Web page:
Men of Promise by Chris Fasolino

Men of Promise

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In the late 18th century, a British captain accepts a command to search for mythical Asian islands and a fabulous treasure in Fasolino’s historical novel.
Recovering from war wounds at his home in Scotland, British naval hero Capt. Bowman West is offered a promotion as commodore of a flotilla. He declines, however, and instead accepts a mission to the South China Sea to search for the fabled Blue Isles in a new ship, the Promise. But there’s a condition: two members of the British East India Company must accompany him on the voyage—a man named Francis Gilbraith and his older secretary, Nile Carrin. West also has a Chinese steward, Chang, who uses broken pidgin to hide his fluent, educated English from others. The voyage that follows is full of incidents and intrigue. An encounter with an English pirate, Clarion, on St. Helena leads to Gilbraith’s mysterious death. Who killed him? West suspects Carrin but continues the mission. In East Africa, West acquires two okapis as a gift for the king of the Blue Isles. At a stop at Madras, he’s captivated by Violet Taylor, the daughter of the admiral stationed there. After entering the Straits of Malacca, which is riven with pirates, West is led to safety by another displaced Scotsman named Ardshiel. A typhoon washes West overboard but he’s soon reunited with the Promise in the Blue Isles. However, Clarion has followed them and a duel ensues to see who will claim the Pearl of Long Ages. Fasolino delivers a largely well-crafted tale of high-seas adventure. The characters are vivid and the action is not only relentless but also believable. That said, more nautical detail would have better conveyed everyday life aboard an 18th century frigate. There’s some repetitive phrasing early on (such as “But there were times…” and “But there were moments…” in the same paragraph) and some unnecessary occasional foreshadowing. The romantic elements are underdeveloped, and that along with the somewhat anticlimactic conclusion make it seem as if the author is setting up a sequel. This would be welcome, even if some elements of this volume could have been handled better.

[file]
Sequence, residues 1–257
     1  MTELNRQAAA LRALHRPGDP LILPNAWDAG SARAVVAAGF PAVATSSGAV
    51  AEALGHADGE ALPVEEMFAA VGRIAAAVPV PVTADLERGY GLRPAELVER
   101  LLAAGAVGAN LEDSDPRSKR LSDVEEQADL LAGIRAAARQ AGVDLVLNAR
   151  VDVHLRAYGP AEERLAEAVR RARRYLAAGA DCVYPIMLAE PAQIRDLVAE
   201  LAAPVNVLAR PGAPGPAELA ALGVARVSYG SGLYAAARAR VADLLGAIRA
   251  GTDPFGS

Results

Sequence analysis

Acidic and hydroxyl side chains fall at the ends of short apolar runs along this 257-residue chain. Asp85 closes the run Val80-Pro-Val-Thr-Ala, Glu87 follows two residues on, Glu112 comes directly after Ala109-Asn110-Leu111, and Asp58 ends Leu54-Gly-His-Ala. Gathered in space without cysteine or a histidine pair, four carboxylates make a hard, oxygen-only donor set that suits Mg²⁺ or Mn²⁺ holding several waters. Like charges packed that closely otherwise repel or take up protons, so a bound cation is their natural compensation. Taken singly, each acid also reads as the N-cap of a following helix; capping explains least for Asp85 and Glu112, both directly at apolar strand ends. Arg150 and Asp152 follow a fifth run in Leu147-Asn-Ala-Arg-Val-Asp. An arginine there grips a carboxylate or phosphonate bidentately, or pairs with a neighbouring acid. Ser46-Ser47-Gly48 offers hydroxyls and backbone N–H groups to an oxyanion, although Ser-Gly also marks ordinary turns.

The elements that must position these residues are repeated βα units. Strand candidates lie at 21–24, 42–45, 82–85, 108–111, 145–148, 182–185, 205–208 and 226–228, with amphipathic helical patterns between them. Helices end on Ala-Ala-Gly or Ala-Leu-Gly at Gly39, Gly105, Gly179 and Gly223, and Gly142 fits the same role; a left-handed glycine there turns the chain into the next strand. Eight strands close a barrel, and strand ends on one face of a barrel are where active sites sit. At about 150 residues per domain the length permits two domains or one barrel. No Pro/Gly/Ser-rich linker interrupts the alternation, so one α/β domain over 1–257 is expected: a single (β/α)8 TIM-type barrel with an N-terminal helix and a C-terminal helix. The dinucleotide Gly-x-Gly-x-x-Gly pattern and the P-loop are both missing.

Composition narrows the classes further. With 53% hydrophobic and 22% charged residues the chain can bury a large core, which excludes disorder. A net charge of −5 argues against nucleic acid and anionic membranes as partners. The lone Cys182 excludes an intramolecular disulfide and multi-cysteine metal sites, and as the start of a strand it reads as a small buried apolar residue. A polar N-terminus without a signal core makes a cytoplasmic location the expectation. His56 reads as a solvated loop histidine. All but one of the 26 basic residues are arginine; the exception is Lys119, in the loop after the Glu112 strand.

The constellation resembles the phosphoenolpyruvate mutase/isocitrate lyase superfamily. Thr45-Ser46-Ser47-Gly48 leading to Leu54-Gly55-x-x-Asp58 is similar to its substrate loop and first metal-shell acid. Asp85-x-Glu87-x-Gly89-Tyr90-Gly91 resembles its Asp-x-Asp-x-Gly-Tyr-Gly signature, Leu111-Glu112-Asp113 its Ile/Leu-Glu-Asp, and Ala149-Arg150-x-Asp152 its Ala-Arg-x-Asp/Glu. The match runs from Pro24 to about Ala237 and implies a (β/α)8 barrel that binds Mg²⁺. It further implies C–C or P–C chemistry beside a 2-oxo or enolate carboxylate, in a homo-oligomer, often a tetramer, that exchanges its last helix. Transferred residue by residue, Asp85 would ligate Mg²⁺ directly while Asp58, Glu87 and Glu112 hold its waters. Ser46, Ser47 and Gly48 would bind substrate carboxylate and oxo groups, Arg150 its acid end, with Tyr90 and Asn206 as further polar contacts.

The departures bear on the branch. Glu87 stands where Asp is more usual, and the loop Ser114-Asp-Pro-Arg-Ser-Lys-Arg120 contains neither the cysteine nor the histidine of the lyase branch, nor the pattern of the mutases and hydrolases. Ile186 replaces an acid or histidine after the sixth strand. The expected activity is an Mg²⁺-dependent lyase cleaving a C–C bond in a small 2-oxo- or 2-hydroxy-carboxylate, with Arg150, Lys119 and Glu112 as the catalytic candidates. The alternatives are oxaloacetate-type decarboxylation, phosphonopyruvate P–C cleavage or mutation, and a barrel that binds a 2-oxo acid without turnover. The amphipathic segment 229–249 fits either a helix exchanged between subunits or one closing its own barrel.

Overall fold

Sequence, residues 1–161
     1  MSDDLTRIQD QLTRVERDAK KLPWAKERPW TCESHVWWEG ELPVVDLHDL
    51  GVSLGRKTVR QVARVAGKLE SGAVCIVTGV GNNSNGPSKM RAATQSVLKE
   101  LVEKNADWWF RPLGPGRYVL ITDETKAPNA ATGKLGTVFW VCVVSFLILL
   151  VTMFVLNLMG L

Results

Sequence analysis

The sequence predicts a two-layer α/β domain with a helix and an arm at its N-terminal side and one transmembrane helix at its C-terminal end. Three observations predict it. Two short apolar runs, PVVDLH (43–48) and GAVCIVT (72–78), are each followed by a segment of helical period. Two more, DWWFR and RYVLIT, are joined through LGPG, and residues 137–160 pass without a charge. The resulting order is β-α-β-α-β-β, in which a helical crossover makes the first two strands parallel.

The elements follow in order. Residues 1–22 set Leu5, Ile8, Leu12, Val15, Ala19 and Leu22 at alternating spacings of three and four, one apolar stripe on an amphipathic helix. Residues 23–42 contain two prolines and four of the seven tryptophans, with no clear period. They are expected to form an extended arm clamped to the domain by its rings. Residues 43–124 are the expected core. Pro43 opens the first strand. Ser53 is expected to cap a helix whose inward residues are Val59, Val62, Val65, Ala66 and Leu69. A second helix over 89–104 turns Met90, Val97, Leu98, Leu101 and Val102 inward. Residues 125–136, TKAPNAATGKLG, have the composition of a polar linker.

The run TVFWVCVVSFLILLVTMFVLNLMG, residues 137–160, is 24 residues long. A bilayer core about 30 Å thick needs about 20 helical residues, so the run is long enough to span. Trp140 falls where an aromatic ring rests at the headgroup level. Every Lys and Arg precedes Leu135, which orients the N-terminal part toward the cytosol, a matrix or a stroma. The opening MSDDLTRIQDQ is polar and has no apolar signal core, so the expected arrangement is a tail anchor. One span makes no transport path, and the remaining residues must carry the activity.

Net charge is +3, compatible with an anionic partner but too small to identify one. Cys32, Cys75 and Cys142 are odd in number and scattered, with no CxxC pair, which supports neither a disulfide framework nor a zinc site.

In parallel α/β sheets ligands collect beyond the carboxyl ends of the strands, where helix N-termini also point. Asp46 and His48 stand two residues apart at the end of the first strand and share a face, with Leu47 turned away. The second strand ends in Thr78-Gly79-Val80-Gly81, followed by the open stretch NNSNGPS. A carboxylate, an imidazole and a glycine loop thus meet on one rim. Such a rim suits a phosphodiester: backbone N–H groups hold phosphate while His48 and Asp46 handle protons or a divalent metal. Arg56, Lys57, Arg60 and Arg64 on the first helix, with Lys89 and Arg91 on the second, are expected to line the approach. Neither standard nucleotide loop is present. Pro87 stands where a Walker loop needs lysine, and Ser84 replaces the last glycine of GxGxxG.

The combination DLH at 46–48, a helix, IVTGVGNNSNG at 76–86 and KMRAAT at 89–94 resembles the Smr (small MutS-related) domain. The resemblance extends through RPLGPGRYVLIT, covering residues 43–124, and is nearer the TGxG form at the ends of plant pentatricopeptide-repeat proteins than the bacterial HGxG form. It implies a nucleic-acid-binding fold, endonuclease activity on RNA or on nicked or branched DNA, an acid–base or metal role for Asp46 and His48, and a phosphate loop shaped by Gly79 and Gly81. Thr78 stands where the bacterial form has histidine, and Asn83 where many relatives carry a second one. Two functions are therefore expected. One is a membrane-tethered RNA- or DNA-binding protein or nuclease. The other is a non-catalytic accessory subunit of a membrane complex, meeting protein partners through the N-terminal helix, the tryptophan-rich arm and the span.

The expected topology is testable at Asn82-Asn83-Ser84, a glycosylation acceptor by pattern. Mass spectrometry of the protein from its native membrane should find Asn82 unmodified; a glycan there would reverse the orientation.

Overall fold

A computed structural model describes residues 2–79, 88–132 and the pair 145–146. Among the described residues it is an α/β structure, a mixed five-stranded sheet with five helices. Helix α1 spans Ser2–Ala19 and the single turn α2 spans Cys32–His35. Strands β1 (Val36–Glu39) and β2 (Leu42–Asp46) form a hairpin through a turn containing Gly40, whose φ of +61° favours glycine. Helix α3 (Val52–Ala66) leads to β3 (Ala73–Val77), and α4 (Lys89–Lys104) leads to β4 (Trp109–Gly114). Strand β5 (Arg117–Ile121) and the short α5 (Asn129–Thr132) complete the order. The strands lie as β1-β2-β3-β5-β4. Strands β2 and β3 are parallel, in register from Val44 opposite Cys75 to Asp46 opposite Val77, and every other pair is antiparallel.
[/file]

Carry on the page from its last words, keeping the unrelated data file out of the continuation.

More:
A promising debut in the footsteps of Patrick O’Brian and C.S Forester, but one that still has a long way to go.
Pub Date: Aug. 21st, 2015
ISBN: 978-1-4575-3878-0
Page count: 232pp
Publisher: Dog Ear
Program: Kirkus Indie
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